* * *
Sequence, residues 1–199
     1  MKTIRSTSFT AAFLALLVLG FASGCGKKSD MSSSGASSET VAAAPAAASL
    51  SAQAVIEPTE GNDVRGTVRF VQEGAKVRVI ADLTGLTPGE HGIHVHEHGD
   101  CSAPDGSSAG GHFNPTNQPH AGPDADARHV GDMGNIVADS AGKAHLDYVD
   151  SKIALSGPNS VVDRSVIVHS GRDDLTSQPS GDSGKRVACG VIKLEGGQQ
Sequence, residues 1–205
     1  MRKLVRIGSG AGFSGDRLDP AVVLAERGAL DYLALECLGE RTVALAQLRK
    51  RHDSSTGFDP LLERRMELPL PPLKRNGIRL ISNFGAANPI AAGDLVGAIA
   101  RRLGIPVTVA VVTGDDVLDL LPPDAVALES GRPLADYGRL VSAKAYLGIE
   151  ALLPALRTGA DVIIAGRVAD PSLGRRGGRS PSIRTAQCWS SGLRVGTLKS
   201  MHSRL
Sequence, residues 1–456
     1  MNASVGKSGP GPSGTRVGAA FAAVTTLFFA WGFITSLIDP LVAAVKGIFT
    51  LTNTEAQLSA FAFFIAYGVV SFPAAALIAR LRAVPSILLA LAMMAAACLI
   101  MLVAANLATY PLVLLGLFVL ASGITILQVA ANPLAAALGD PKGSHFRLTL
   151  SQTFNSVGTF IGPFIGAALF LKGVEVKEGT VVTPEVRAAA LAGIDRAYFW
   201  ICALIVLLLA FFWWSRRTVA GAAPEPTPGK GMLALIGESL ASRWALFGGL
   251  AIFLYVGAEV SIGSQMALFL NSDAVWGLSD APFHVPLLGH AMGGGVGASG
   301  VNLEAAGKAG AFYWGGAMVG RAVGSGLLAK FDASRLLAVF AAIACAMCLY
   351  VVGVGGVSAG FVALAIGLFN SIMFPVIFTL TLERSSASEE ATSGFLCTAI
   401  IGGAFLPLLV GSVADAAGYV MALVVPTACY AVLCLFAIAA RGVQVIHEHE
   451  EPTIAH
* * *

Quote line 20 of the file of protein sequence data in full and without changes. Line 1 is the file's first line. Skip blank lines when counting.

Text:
   351  VVGVGGVSAG FVALAIGLFN SIMFPVIFTL TLERSSASEE ATSGFLCTAI